What to Know
Van Dyke is charged with murder in the shooting death of 17-year-old McDonald nearly four years ago
The Chicago police officer was captured on dashcam video shooting McDonald 16 times the night of Oct. 20, 2014, on the city's Southwest Side
Van Dyke entered a plea of not guilty
But in the fourth day of defense testimony in Van Dyke's murder trial, a retired CPD weapons instructor testified that officers are trained to do that if reasonable and necessary.
"You shoot until the threat is eliminated," said retired officer Nicholas Pappas. "There is no telling what that could be. It's no telling how many rounds it could take to do that."
After the shooting, Van Dyke reloaded his weapon, a move the instructor also said was part of the training.
"To stand there with an empty weapon is a big problem," Pappas said.
But prosecutors pressed Pappas on whether such a shooting should be considered "reasonable or necessary."
"This is the deadliest weapon in his arsenal?" Prosecutor Daniel Weiler asked.
"Yes," Pappas said.
"And the defendant is taught there could be criminal and civil consequences for the use of that weapon?" Weiler said.
"Yes," Pappas said.
"And he is taught to utilize that weapon with restraint?" Weiler said.
"Yes," Pappas said.
Defense attorneys have so far presented nearly two dozen witnesses, but have given no indication if Van Dyke himself will take the stand.
Attorneys said the previous day that Van Dyke never should have been charged with murder because of an Illinois law that protects peace officers trying to arrest fleeing felons.
McDonald’s great uncle said he watched Wednesday as witnesses testified to alleged violent incidents involving McDonald as a juvenile.
"It is an unjust ploy to paint Laquan McDonald as the perpetrator," Rev. Marvin Hunter said. "He is a victim. He is the victim in this case. He is not on trial."
Dr. Jeremy Stayton, who treated McDonald the night he was shot, said the teen had no blood pressure, no respiration and no pulse. A wound to his pulmonary artery, Stayton said, caused McDonald to lose more than half the blood in his body.
"The chances of him surviving are very low in any case," Stayton said, then answering what the chances would have been, "I don’t know if anyone has ever done a paper on it, but I would say less than 1 percent."
On Tuesday, jurors were shown a recreation of the fatal shooting from the officer's perspective that was based on laser analysis of the scene and looked like it was taken straight from a video game.
According to defense attorneys, the video showed that McDonald was closing the distance between himself and Van Dyke before the officer opened fire. Prosecutors have argued dashcam video shows McDonald appearing to walk away as Van Dyke shot the teen 16 times on Oct. 20. 2014.
Van Dyke was charged with six counts of first-degree murder more than a year after he shot McDonald on the city's Southwest Side. He entered a plea of not guilty.
Special prosecutors rested their case against Van Dyke Thursday after calling 24 witnesses over three and a half days.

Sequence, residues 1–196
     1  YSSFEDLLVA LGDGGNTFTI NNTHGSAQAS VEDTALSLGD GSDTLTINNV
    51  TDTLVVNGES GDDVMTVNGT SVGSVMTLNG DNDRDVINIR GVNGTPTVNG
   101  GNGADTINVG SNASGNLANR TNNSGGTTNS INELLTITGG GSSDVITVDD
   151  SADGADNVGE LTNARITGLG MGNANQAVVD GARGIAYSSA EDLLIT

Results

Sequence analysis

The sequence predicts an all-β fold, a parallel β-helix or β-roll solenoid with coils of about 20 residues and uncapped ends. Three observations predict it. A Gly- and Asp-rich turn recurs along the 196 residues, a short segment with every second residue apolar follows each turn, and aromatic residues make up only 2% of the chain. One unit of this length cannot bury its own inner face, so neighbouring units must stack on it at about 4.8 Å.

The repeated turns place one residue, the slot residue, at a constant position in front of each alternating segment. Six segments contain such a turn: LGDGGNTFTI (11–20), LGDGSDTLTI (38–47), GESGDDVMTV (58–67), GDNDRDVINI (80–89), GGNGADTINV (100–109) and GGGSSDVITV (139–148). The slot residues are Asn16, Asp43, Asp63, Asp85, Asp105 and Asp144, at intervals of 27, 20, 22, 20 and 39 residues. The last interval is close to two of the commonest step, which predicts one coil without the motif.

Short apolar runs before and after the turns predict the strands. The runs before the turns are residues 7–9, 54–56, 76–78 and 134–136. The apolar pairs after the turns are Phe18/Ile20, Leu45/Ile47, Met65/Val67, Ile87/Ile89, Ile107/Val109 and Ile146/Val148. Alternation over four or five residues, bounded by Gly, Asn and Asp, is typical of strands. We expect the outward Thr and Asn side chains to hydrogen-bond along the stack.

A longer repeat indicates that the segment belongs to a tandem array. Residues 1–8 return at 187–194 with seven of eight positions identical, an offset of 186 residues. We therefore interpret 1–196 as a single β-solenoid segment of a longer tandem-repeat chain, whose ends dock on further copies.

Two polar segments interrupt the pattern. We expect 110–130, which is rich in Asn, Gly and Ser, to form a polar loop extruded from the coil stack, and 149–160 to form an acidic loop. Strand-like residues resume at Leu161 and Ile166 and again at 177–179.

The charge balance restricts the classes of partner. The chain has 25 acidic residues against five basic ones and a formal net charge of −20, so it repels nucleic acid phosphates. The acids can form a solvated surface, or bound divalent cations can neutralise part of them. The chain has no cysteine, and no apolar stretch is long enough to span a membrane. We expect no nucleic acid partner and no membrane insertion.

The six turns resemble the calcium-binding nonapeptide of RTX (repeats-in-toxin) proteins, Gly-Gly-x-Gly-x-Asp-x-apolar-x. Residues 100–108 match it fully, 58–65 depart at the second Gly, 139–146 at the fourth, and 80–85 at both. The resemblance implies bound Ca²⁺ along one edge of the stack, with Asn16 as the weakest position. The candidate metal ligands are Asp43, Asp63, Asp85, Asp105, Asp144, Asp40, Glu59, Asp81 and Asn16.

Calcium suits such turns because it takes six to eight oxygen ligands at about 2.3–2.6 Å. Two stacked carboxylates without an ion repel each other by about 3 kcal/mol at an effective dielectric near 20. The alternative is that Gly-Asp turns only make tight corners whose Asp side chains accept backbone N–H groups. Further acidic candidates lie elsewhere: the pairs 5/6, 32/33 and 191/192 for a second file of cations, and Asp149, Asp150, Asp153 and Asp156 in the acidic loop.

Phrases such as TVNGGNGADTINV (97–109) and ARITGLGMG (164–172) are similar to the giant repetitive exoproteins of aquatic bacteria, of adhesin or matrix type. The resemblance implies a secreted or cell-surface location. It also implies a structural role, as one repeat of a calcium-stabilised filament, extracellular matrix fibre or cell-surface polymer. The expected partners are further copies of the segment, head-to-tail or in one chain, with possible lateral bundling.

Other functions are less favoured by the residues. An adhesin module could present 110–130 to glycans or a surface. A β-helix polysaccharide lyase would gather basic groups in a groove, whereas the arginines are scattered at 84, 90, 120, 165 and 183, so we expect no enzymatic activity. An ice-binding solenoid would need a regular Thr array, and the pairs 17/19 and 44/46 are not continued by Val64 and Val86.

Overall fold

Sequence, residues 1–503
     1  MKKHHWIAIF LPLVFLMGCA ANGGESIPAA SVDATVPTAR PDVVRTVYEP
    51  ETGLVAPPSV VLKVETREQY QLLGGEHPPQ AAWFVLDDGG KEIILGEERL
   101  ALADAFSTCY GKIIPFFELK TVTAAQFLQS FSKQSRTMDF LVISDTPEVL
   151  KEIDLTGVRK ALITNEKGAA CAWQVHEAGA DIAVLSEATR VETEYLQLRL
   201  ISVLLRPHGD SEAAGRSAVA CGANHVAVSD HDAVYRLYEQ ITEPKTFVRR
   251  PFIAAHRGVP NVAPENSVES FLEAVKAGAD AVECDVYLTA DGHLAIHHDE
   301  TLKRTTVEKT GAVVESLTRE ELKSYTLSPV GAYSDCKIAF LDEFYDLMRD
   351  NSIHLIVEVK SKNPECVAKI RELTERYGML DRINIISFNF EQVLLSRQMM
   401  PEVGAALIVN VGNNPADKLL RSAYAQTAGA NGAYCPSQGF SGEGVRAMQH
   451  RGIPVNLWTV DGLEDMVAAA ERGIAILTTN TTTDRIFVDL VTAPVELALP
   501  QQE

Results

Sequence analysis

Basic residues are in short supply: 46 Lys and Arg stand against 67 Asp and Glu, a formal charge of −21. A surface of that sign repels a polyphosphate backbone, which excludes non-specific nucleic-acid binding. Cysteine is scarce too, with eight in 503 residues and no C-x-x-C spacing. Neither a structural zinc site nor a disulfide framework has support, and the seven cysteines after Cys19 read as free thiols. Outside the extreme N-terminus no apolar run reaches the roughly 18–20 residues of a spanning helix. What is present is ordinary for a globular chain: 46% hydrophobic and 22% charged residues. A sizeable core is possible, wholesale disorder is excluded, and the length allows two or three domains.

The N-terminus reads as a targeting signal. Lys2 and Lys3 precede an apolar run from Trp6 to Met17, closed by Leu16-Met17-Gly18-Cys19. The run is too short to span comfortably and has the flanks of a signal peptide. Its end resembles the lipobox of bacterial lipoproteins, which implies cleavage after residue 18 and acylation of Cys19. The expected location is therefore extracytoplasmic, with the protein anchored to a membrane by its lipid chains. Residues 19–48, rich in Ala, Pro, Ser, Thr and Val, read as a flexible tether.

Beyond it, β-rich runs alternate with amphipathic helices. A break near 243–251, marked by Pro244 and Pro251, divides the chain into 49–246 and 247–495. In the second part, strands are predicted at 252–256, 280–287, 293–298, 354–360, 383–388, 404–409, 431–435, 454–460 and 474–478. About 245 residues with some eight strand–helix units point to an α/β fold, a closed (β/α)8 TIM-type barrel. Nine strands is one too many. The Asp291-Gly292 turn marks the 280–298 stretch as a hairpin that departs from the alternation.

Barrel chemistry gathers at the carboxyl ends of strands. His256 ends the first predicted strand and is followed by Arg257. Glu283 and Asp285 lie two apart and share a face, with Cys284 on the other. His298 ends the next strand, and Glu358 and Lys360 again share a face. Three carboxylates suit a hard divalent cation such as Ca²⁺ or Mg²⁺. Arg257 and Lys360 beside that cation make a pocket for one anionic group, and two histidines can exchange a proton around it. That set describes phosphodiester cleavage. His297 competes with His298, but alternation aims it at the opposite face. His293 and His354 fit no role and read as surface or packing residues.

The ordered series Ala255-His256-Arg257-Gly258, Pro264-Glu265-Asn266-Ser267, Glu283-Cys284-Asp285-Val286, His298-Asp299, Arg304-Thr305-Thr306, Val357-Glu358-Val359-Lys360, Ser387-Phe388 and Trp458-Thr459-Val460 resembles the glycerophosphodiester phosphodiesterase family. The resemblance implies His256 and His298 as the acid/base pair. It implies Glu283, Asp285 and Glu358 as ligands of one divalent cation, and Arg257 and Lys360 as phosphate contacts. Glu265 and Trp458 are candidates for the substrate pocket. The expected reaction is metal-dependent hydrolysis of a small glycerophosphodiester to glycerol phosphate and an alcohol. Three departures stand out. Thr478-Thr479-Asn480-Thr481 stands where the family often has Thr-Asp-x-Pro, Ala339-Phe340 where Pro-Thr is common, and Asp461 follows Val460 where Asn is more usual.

So far in the trial, the jury saw dashcam video of the shooting, graphic autopsy images of the more than a dozen gunshot wounds on the body of McDonald, video recreating the shooting from Van Dyke's point of view and video showing 16 gunshots in under 14 seconds.
They have also heard testimony from several Chicago police officers and witnesses at the scene, seen the weapon Van Dyke used, and watched as FBI specialists demonstrated the shooting.
12:58 p.m.: Day 4 of defense testimony is complete. Only 3 witneses were called today. No testimony on Friday. Testimony resumes on Monday.
12:56 p.m.: Under cross examination, Pappas is questioned about his general orders (policy) and how he wrote that deadly force should be used only after all other means of disposal have been exhausted and should be a last resort measure.
12:40 p.m.: Pappas: "...(they) shoot until threat eliminated. No telling how how many rounds can take to do that"
12:39 p.m.: Nicholas Pappas- a retired firearms instructor for CPD testifies how police recruits are trained to immediately reload their weapons. “To stand there with an empty weapon is a big problem”
11:40 a.m.: During cross examination of Dr. O’Donnell, prosecutor Joseph Cullen asks “Did ( Laquan) demonstrate any super human strength that night?" Answer, “No.”
11:34 a.m.: First witness today, a neighbor, told the FBI that at 2 a.m. on Oct. 20, she called 911 bcause when she pulled up to her West Side home, a man with dreads and a black hoodie (Laquan) was sitting outside her home she was afraid to get out of her car. But in court, said had no fear at all.
11:28 a.m.: Dr. O’Donnell: ”(Laquan was) Whacked on PCP at the time of his death."
11:19 a.m.: Dr. O’Donnell says PCP can cause users to feel super human strength, feeling they can do anything and causes bizzare behavior. Testifies at 56 nano grams, reactions include euphoria, hallucinations, aggression, and violence.
11:16 a.m.: Dr James Thomas O’Donnell, a Pharmacologist, testifies that the amount of PCP in Laquan McDoanld’s body, 56 nano grams, shows the PCP “was used within a relative recent period. Certainly day of”
10:36 a.m.: First witness today, a Chicago woman, testified that at 2am on October 20th, she called 911 because when she pulled up to her west side home, a man w/ dreads and a black hoodie (Laquan) was sitting outside her home she was afraid to get out of her car & walk into her home.
10:23 a.m.: Before day four of defense testimony, court begins with a motion request to allow defense attorneys to play police academy training videos. Judge Gaughan denies the request, but the defense can call the trainers to the stand to testify.